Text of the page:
Tuesday, July 5, 2016


One of the most difficult words of Jesus is the word He spoke on the Cross, just before drawing His last breath. My God, my God, why have you forsaken me?

The reason these words are so difficult for us to comprehend is because of the deep theological thinking required to process them. What is Jesus referring to when He says He's been forsaken? What is He feeling? What does this mean for the Son of Man? What about the Son of God? What about the Holy Trinity?

Just a few hours before, Jesus had been in the garden of Gethsemane. He'd been praying for there to be another way, any other way, although He remained fully surrendered to the plan that God had had for Him from before time began. Not my will, but yours be done. He knew what was going to happen. He knew how it was going to happen. He knew everything that awaited Him just a few heavy steps away. When He cries out forsaken on the Cross, is it because He feels this final prayer of His has not been answered? Is it because this cup has not been removed? Is it because, like us, He prayed this fervent, honest prayer and was met, seemingly, by silence by the very Father who claimed to both hear and love Him?

Maybe in that moment, maybe in those final breaths, God somehow pulled away from His Son. Maybe at the very moment that Jesus felt He needed His Father the most, at the very time His eyes and His heart were crying out Abba, God Himself turned away. Jesus could not see the eyes of the Father; only His back. Only His shoulder. Only His drooped head as He looked the other direction. Is this what forsaken is? Is it possible for the Father to turn away from the Son so decisively without threatening the community of the Trinity? What can we possibly make of this if even the Father and the Son can turn away from one another?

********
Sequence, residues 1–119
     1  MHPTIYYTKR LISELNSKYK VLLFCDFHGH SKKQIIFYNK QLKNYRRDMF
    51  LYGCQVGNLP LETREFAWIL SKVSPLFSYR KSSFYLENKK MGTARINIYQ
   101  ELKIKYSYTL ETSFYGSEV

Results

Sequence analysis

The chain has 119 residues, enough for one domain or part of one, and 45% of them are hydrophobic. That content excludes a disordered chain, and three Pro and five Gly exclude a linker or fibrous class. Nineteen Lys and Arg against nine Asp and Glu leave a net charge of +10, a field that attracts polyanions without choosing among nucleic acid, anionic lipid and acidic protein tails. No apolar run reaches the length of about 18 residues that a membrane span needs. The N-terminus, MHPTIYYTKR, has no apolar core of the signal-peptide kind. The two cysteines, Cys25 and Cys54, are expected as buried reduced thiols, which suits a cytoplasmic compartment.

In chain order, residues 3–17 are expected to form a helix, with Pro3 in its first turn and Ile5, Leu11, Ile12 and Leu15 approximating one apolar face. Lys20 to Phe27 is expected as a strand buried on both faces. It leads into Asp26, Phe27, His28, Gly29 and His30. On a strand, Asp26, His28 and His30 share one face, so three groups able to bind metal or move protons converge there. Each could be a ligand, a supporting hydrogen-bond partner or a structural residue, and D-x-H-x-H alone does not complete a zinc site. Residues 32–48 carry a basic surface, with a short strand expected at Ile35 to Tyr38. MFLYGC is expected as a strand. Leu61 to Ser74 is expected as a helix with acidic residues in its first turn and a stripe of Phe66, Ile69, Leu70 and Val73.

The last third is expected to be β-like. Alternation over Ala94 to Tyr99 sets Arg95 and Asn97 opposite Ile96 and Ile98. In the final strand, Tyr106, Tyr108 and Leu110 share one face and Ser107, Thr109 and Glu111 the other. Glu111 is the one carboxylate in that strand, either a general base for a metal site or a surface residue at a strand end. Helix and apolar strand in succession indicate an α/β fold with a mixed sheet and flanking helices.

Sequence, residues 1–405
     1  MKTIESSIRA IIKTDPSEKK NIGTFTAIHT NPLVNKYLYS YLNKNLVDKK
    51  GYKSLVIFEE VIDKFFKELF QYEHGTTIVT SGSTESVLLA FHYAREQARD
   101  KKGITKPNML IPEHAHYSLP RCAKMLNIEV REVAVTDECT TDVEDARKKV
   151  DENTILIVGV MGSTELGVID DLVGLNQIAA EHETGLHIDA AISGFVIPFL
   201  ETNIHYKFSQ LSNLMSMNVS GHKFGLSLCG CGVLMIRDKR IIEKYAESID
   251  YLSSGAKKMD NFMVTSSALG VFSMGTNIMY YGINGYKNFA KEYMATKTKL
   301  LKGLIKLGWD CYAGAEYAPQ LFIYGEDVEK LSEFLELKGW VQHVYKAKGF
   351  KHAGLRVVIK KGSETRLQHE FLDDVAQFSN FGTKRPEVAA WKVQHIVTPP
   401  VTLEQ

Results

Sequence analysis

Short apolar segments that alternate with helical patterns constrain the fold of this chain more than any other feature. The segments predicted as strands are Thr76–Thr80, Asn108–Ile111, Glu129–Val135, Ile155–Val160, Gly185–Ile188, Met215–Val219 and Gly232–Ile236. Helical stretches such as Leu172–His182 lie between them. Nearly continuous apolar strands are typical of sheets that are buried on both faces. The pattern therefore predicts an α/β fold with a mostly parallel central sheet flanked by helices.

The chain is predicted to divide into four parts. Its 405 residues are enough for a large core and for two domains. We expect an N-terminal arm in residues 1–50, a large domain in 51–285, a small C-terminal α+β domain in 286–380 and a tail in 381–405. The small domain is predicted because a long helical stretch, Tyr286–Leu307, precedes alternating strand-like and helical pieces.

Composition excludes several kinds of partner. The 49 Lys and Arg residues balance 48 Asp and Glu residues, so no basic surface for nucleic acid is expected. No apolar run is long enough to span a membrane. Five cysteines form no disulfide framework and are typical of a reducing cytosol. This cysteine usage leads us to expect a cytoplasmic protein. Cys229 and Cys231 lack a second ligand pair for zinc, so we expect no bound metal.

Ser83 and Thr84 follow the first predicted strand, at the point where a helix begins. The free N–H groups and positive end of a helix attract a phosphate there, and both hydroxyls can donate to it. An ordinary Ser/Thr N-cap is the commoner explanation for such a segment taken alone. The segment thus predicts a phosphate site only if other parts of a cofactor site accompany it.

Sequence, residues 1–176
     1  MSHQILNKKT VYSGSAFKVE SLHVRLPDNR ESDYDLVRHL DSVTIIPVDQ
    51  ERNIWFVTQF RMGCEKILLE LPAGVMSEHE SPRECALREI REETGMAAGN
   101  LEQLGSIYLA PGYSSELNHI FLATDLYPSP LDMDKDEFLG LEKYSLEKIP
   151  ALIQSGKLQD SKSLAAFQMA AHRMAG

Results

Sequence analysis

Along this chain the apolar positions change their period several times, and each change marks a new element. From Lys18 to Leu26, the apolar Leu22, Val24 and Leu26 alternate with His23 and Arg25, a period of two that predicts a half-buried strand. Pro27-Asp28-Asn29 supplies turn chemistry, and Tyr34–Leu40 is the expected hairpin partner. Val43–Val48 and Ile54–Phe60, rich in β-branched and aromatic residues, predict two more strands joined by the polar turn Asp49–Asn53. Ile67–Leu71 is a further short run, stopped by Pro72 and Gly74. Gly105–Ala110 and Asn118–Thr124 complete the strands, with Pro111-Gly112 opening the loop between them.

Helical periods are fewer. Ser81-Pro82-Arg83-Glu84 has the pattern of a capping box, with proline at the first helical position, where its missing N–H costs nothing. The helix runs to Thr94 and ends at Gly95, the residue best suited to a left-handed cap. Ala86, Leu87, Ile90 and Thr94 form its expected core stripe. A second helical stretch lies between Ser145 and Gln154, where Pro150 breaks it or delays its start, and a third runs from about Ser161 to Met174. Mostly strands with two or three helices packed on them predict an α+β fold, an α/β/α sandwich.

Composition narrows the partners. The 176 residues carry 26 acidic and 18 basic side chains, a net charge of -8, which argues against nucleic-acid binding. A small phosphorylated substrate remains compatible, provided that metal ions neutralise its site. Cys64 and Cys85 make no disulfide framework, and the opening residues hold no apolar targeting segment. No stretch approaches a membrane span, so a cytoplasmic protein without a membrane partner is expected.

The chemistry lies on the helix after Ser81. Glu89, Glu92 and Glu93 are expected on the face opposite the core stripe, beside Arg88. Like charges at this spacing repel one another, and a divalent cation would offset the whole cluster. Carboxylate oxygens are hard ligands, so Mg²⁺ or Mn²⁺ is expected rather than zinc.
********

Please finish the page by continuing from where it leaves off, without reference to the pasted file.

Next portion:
Maybe at the very moment that the entire world is being saved, Jesus feels profoundly what it is to be unsaved. There is no one there to take away His pain. No one there to cover His shame. He's beaten, bloody, bruised, broken, and naked. Maybe He's feeling a little bit of what we all feel - with all this amazing grace, with this incredible saving work happening right now, why is there no one to save Jesus? Why is there no one to rescue Him?

The theology here is thick. There are implications no matter how we come to interpret these words of Jesus, implications that can be either challenging or comforting, depending on how we are able to process it. Does the Trinity hold together even in this critical moment...or is it prone to the same relational stress that we are? Is Jesus still a Son...or just a sinner? Is God a good Father...or an omnipotent puppetmaster? 

Most pressingly, if even Jesus, the very Son of God, can be forsaken by Him, what possible hope is there for the rest of us?

And that's why we have to wade through these murky waters. That's why we have to ask these tough theological questions. That's why we have to figure out what in the world Jesus meant, what He was saying, what was really happening, at this moment when He cries out forsaken. It's absolutely crucial for our understanding of God, of Christ, and of ourselves. 

Thankfully, the very words themselves give us at least a good starting point....

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